He insisted that the LibDems had always tried to be even-handed, despite the comments of “individual members” such as Baroness Tonge and MEP Chris Davies, which raised serious concerns within the Jewish community.
“I don’t think anyone in the Liberal Democrats wants to do anything but to provide an input into the debate that is radical, rational and based on fact. I am acutely aware that there have been particular statements by particular individuals, but I must say if one looks at what the party leadership has said, these statements have been balanced, sometimes forceful but always responsible. That is a tradition I wish to maintain.” However, he offered thinly veiled criticism of party members who had indulged in “controversial” remarks about the Middle East. “I don’t think in any policy area any one person has a monopoly on all wisdom. What has happened, and I think it is a great pity, is that because the reaction of British Jewry is quite understandably defensive at times of heightened controversy, the false impression is given that the community and Israeli public opinion is homogenous.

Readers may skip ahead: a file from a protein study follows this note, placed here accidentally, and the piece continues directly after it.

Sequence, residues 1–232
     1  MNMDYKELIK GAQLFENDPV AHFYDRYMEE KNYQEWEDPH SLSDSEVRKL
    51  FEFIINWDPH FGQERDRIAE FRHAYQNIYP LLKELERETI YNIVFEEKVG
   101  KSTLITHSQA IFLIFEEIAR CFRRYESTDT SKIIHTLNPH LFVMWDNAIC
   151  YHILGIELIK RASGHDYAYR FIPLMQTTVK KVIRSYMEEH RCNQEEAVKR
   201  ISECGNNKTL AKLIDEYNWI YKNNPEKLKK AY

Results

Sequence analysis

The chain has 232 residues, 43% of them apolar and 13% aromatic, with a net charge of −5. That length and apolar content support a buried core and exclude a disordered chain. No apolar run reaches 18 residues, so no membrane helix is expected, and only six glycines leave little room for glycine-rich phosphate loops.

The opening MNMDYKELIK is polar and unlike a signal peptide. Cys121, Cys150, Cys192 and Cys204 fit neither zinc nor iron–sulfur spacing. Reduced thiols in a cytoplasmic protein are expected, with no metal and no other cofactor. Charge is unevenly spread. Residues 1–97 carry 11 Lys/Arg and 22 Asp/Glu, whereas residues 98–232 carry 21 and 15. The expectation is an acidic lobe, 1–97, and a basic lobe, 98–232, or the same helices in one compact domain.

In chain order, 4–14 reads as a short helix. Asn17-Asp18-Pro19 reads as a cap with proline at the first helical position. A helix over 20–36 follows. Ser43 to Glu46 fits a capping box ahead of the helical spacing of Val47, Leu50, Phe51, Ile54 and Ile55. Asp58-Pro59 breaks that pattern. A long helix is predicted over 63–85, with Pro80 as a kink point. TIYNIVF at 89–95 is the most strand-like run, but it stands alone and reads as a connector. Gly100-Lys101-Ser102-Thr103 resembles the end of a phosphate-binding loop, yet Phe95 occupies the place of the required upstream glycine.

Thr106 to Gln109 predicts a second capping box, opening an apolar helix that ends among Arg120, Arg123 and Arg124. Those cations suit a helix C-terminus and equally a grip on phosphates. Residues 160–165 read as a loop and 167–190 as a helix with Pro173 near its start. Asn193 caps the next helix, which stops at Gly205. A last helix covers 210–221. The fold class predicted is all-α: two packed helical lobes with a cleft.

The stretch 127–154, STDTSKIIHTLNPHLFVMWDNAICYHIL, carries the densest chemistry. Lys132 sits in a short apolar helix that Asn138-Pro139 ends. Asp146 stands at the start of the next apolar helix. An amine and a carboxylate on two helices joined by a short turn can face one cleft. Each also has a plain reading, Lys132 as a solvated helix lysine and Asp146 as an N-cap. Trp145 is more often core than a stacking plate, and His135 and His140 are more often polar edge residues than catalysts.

“Something I always wish we could make more of is the vibrancy and plurality of Israel. As much as I ask people not to caricature Liberal Democrat opinion, I would equally ask Liberal Democrats not to caricature Israeli public opinion. Excessive partiality on an issue when impartiality is at a premium is something I regret. I will be quite tough on saying that as a leader. A sense of balance needs to be maintained.”
The MP for Sheffield Hallam has visited Israel and the occupied territories several times, most recently in 2005. His overwhelming impression was the “sheer, compressed geographical scale” of a land with “so much complexity”. Although admiring the “vibrancy and vigour” of Israeli discourse, he was distressed by the roadblocks and divisions between Israelis and Palestinians, which he believed were unsustainable.